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Nodular calcareous paleosols are common in the upper member of the Upper Triassic Dolores Formation in the San Juan Mountains of southwestern Colorado. These soils are developed in reddish brown, very fine-grained sandstone and siltstone of a sand-sheet facies that was deposited by eolian and aqueous processes on the margins of a large Triassic erg. Characteristics of these paleosols include nearly complete destruction of physical sedimentary structures, extensive mottling associated with burrows and root trace fossils, poorly sorted textures, and abundant carbonate nodules.

Vegetative stabilization of the sand sheet is recorded by trace fossils of long, monopodial root systems, and fine networks of rootlets. Distinctive purple pigmentation of the large root mottles appears to have been produced by more coarsely crystalline hematite, which precipitated in the presence of root-derived organic compounds.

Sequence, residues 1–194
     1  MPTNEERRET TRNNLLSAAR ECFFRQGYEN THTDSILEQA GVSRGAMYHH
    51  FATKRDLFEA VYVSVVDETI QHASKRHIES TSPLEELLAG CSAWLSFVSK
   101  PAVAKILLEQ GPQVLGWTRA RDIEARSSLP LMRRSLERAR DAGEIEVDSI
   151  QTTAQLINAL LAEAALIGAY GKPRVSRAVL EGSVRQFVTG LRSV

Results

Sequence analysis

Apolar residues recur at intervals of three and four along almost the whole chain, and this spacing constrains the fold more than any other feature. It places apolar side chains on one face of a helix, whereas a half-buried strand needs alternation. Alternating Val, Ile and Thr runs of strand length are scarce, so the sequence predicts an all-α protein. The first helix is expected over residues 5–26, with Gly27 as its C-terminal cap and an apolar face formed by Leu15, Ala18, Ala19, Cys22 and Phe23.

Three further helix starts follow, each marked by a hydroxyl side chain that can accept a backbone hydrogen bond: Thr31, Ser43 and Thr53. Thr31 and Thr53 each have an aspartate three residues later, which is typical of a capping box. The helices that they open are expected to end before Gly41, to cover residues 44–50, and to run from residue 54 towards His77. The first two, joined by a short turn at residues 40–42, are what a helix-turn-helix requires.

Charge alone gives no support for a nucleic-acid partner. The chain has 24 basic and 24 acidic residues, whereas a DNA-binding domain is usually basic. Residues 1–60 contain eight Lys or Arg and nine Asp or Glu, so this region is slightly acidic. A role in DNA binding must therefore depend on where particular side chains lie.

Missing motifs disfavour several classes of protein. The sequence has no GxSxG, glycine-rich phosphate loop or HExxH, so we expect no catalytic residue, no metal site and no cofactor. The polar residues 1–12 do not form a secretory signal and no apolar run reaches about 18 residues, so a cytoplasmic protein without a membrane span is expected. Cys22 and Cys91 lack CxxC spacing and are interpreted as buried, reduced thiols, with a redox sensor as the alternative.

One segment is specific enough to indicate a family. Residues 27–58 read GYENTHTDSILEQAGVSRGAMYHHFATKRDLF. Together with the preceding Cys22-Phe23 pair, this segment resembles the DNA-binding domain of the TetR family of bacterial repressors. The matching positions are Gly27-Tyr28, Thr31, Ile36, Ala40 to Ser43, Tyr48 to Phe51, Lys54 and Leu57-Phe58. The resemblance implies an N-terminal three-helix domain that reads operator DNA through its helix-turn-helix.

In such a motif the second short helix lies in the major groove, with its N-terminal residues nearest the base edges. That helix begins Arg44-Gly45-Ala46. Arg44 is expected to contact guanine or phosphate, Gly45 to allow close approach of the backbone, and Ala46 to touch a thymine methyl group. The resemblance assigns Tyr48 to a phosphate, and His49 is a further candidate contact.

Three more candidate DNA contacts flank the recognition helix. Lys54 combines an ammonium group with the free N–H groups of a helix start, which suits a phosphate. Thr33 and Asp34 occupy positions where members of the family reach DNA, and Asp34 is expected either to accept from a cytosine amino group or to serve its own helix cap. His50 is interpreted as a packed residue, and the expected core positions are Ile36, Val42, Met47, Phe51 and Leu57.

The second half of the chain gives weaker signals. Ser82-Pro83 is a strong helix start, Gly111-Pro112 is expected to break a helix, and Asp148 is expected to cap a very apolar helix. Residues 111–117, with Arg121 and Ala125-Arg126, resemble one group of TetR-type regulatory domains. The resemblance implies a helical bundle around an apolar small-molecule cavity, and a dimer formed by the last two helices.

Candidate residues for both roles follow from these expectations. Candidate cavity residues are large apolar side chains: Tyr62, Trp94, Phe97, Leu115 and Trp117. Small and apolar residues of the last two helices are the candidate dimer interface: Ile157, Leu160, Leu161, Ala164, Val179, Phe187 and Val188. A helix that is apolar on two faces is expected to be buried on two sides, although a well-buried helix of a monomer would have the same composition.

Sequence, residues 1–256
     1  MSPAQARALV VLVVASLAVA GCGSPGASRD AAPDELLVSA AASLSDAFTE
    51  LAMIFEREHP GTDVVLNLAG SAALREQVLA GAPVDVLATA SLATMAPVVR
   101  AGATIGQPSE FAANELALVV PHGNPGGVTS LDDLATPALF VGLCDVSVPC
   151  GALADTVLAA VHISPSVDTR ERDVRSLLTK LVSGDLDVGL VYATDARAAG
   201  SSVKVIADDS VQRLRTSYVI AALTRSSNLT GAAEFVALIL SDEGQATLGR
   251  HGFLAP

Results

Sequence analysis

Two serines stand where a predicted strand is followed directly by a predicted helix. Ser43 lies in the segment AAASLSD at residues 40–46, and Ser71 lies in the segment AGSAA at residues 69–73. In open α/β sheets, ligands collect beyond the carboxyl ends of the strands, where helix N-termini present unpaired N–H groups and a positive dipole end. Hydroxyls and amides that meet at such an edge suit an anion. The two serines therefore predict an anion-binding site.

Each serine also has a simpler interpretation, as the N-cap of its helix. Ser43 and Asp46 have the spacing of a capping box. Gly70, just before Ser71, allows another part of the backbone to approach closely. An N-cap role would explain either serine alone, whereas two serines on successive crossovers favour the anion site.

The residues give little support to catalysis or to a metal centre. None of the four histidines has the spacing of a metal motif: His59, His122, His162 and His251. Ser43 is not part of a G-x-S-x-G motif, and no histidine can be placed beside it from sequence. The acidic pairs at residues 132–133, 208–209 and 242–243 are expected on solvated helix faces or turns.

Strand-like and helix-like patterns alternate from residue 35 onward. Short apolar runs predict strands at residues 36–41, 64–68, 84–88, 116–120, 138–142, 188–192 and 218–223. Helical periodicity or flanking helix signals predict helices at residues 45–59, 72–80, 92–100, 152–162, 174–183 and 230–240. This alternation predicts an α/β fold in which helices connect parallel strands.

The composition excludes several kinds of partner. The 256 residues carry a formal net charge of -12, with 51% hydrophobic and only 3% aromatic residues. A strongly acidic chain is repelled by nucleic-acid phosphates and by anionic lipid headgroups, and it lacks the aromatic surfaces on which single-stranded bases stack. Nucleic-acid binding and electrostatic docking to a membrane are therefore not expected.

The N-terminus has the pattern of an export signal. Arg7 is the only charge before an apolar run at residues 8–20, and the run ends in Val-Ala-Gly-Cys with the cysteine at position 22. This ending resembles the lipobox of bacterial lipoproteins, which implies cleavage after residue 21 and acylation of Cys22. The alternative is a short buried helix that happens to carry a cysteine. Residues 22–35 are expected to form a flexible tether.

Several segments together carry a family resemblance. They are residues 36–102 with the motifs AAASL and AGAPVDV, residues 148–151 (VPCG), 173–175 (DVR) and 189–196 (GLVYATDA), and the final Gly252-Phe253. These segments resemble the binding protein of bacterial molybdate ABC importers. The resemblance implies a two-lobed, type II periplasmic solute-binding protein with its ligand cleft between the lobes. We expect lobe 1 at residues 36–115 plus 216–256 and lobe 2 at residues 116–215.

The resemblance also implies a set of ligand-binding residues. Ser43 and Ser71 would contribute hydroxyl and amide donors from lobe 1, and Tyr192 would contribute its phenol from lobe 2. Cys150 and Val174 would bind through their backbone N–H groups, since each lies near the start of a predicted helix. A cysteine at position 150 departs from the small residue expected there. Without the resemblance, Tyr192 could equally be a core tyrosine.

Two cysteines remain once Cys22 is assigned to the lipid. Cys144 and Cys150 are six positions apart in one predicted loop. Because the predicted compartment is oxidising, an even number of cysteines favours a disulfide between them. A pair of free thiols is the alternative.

Faunal bioturbation in these soils takes the form of meniscate and structureless burrows of the Scoyenia ichnofacies. The meniscate burrows are common in recent soils and pre-Holocene paleosols, and probably represent sediment reworking by arthropods.

Carbonate nodules in these soils are composed of micrite and microspar, and they contain sparry calcite crystallaria and septaria. These glaebules occur as individual “floating” entities and as stacked columns. Burrows cross-cut some nodules, indicating that at least some of the pedogenic carbonate accumulations were relatively unlithified at the time of deposition.

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